Author Topic: Autumn Raspberry question  (Read 878 times)

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Autumn Raspberry question
« on: September 28, 2021, 15:34:08 »
I've had a wonderful crop from my Joan J canes this year, but they are pretty much finished now. I usually follow the book and prune in February - but what is the downside of pruning now? I'll have a much better chance of eliminating the bindweed and generally clearing the area if I do it now, but obviously I don't want to jeopardise next year's crop. What does anyone else here do?

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Autumn Raspberry question
« on: September 28, 2021, 15:34:08 »

Tee Gee

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Re: Autumn Raspberry question
« Reply #1 on: September 28, 2021, 17:06:02 »
Although I agree with February pruning and understand your predicament, you could risk cutting out the older (darker) canes to ground level and this should improve your access to the Bindweed with affecting next year's growth and cropping too much.

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Re: Autumn Raspberry question
« Reply #2 on: September 28, 2021, 19:27:06 »
Thanks, TeeGee, but all the canes are this year's, I cut everything right back in February. I don't see that leaving these now finished canes another three months does any good? Or would they start to regrow too soon? Does anyone else cut autumn rasps back early?

Tee Gee

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Re: Autumn Raspberry question
« Reply #3 on: September 28, 2021, 19:52:31 »
What was in my mind letís say you removed 40%-50% of the total canes to give you better access to the Bindwood I was thinking  the remaining canes would sustain the plant /s until the normal pruning time in February when you would cut down the remaining stems.

However I must say this only an idea in my mind based on what I would do if my canes had become diseased or contaminated in some way!

The choice is your


Beersmith

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Re: Autumn Raspberry question
« Reply #4 on: September 28, 2021, 21:24:25 »
Isn't  "Joan j" a primocane type of raspberry?

So the normal method would be to remove all canes close to ground level when fully dormant.  They will regrow in spring and fruit in the autumn.  If cutting the old canes out earlier will help to keep your bed weed free I don't think it will do any harm at all.

If it was a floricane variety things would be different.  Floricane fruiting varieties crop earlier and carry the fruit on last year's canes.  Pruning all the cranes would mean no fruit next year.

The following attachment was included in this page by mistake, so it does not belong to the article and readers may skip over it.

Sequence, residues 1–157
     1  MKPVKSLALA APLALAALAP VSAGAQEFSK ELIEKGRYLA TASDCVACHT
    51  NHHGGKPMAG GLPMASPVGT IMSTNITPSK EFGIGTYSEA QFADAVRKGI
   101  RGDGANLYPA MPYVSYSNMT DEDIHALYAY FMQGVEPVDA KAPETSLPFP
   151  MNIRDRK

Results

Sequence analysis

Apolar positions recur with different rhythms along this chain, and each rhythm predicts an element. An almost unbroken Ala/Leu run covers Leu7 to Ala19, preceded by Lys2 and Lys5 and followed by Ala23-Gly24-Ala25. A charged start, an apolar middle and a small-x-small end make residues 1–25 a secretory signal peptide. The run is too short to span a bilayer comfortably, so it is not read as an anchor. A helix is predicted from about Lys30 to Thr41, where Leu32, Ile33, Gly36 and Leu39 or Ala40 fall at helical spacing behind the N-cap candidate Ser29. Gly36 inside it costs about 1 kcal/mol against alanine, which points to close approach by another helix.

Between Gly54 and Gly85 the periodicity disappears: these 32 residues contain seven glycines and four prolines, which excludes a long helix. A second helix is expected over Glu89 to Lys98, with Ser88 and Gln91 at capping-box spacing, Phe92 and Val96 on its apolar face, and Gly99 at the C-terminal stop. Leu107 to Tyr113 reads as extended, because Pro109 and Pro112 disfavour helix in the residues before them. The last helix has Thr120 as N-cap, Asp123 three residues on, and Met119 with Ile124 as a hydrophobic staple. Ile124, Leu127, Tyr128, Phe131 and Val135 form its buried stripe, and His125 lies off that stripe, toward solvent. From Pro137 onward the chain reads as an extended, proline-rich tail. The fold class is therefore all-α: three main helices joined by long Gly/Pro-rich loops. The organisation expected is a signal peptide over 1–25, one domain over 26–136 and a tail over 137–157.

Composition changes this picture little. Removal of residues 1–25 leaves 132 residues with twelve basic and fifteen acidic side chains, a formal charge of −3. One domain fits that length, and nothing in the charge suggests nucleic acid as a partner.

If you are 100% sure you are dealing with "Joan j" don't hesitate.



Not mad, just out to mulch!

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Re: Autumn Raspberry question
« Reply #5 on: September 28, 2021, 22:35:24 »
Thanks Beersmith.
I'm sure they are Joan J, I got them about ten years ago from T&M with a tesco boost voucher - what a bargain! I have a row of summer rasps too, they are all prepped and ready for next year with the new canes tied in and the bindweed mastered!  I think I'll try the big chop on the autumn fruiters, you don't know till you try.

Deb P

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Re: Autumn Raspberry question
« Reply #6 on: September 29, 2021, 08:33:43 »
Raspberries and weedingÖIíve given up on my raspberry patch this year, despite totally clearing the area of couch by digging it out and creating a new bed the couch just got a hold overwinter and it was impossible to keep clear and weed properly. Raspberries are shallow rooting so itís really hard to hand weed tgem lroperly. Iím thinking of trying some summer fruiting varieties in a Nuremberg spot with a frame support overwinter. Iíve only ever grown autumn fruiting raspberries, any recommendations for summer fruiting types?
If it's not pouring with rain, I'm either in the garden or at the lottie! Probably still there in the rain as well TBH....🥴

http://www.littleoverlaneallotments.org.uk

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Re: Autumn Raspberry question
« Reply #7 on: September 29, 2021, 09:56:48 »
I inherited my summer fruiting canes when we bought next door' garden, they were very old then and barely fruiting, but a good chop back and some TLC and they are soldiering on - no idea of course of their variety.
The rest of my garden is riddled with couch, but the raspberries are free of it, and bindweed comes up really easily though obviously I must leave the odd bit behind! It seems like a minor miracle every year when the canes blossom, though, I do love my raspberries.

 

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